Water diversions for hydropower and other applications are some of the most disruptive alterations affecting fish populations in lotic systems. Although many different strategies have been developed to reduce lethal encounters with such infrastructure, few studies have evaluated different forms of behavioural guidance concurrently. Here, we combine an LED-based light guidance device (LGD) equipped with adjustable wavelength and strobing output with a reverse-configured louver rack to assess the effectiveness of this two-part behavioural guidance system on downstream movement through a bypass by age-0 white sturgeon (Acipenser transmontanus). Several combinations of LGD and louver settings were tested under both simulated day and night (low light) conditions in a laboratory setting. In the absence of the LGD, louver slat spacings of 10 or 20 cm were most effective at achieving downstream bypasses with greater success rates (~ two-fold greater) under night conditions than under day conditions. Incorporating the LGD operating at the most attractive setting (green light strobing at 20 Hz) with the louver spacings of 10 or 20 cm achieved the highest rates of bypass usage (100% and 97%, respectively) under both day and night conditions while the control treatment (no LGD or louver) resulted in the lowest bypass rate (46%) among fish that moved downstream. Collectively, these results demonstrate that complementary cues can enhance the behavioural guidance of fishes and highlight the importance of continuing to explore the use of multiple strategies to mitigate entrainment for high priority fish species.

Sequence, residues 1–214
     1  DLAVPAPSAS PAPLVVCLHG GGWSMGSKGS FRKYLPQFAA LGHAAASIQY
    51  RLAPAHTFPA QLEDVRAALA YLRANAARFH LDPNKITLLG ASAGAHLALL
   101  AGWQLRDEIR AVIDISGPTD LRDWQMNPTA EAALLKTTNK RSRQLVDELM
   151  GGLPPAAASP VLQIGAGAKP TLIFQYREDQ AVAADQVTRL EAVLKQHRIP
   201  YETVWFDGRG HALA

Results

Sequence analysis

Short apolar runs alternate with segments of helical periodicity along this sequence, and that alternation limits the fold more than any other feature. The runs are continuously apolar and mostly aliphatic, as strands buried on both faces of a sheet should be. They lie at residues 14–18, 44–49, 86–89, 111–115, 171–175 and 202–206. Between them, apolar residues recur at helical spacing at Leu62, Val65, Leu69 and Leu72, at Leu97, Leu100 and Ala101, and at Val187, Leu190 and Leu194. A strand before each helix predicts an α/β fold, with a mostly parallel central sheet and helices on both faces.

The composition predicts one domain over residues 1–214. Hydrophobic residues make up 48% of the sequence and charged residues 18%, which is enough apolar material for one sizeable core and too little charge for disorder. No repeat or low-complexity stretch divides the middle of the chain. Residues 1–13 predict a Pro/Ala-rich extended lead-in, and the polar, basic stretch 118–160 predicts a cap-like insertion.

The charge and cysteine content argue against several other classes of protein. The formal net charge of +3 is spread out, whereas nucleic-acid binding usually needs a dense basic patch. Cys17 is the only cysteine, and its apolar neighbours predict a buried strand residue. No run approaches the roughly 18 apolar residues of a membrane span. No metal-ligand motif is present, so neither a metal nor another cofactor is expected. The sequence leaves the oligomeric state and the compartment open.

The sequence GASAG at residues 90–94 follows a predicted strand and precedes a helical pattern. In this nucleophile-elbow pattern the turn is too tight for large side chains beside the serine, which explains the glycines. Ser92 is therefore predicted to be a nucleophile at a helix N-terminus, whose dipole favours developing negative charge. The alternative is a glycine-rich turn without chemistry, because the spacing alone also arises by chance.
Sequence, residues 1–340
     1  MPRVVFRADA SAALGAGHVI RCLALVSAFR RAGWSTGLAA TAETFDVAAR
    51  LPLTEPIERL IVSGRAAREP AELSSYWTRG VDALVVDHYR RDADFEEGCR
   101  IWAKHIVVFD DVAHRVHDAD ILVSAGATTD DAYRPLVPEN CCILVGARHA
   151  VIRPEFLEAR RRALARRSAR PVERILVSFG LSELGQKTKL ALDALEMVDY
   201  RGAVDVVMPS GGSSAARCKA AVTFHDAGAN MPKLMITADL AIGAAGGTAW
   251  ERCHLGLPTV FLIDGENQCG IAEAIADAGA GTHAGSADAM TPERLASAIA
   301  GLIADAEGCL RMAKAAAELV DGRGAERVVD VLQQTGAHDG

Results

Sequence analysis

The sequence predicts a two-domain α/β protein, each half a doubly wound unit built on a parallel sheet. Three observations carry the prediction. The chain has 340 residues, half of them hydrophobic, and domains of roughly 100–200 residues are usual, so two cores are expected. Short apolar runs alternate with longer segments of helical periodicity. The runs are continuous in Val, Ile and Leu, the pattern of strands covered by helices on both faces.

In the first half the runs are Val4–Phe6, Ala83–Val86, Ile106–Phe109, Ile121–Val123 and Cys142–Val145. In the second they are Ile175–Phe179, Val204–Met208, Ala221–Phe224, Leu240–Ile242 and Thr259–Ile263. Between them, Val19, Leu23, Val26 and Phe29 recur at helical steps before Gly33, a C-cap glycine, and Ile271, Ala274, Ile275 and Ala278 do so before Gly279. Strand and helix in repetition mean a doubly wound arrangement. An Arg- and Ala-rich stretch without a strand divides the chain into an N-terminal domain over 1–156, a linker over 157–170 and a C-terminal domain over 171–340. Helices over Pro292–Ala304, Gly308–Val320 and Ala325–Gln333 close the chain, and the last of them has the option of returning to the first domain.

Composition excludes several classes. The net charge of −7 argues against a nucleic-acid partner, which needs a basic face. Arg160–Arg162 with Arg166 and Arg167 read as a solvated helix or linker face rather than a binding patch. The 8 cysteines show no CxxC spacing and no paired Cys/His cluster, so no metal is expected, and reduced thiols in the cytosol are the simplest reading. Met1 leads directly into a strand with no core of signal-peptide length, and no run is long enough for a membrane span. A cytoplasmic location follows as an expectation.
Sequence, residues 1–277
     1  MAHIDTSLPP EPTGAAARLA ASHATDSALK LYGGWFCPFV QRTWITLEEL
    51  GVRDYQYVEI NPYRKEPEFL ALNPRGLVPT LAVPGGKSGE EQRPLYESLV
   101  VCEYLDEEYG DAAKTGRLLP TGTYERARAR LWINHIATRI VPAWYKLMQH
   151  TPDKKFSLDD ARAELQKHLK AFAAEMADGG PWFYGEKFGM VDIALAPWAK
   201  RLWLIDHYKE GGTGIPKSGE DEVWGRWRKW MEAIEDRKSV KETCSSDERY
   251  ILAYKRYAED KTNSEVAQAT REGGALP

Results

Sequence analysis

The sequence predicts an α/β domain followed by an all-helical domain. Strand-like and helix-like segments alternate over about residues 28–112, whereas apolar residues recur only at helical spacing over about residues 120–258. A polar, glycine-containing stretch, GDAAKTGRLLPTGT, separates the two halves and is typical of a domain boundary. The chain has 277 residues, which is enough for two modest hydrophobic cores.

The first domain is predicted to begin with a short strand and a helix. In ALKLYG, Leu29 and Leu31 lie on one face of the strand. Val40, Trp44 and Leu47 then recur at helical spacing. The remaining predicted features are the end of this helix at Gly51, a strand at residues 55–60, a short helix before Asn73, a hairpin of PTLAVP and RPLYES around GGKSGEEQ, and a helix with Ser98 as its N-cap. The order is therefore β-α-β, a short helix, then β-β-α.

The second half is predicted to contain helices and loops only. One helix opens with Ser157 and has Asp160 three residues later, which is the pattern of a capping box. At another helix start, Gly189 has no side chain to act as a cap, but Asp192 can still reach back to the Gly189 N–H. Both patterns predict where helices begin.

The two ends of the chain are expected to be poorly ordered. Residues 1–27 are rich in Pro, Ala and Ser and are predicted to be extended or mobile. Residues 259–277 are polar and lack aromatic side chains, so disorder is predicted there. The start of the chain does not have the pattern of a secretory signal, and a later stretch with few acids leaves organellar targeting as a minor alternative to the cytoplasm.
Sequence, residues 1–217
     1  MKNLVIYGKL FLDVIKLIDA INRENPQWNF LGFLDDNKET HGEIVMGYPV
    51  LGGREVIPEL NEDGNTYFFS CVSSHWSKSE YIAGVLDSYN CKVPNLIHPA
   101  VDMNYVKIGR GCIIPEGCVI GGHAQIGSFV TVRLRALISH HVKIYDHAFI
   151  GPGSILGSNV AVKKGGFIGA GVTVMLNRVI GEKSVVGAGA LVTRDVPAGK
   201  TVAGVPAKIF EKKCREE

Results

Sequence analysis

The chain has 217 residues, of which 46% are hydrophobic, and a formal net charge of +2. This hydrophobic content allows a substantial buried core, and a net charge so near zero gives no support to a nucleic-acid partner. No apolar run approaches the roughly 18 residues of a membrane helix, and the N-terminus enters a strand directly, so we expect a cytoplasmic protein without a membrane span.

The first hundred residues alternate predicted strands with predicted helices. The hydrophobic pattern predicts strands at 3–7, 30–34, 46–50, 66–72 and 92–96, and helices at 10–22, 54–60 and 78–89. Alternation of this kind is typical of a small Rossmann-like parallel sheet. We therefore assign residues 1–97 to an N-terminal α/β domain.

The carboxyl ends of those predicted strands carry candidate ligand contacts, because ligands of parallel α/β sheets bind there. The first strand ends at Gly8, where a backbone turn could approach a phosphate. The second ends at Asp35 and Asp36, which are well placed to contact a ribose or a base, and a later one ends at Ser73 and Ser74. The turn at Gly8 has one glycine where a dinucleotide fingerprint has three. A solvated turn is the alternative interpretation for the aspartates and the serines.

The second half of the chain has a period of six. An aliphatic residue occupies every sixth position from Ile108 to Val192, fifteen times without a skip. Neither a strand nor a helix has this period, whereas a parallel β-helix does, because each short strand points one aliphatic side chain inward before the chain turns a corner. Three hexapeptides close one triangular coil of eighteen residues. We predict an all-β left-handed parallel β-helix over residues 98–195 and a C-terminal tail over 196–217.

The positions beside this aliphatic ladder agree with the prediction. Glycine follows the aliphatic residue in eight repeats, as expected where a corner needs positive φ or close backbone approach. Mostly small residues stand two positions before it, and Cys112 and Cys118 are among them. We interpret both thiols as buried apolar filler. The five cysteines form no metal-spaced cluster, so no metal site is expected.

Additional Metadata
Keywords Behavioural guidance, Hydropower, Light guidance device, Migratory fishes, White sturgeon
Persistent URL dx.doi.org/10.1002/rra.3186
Journal River Research and Applications
Citation
Ford, M.I., Elvidge, C.K., Baker, D., Pratt, T.C., Smokorowski, K.E., Patrick, P., … Cooke, S.J. (2017). Evaluating a light-louver system for behavioural guidance of age-0 white sturgeon. River Research and Applications. doi:10.1002/rra.3186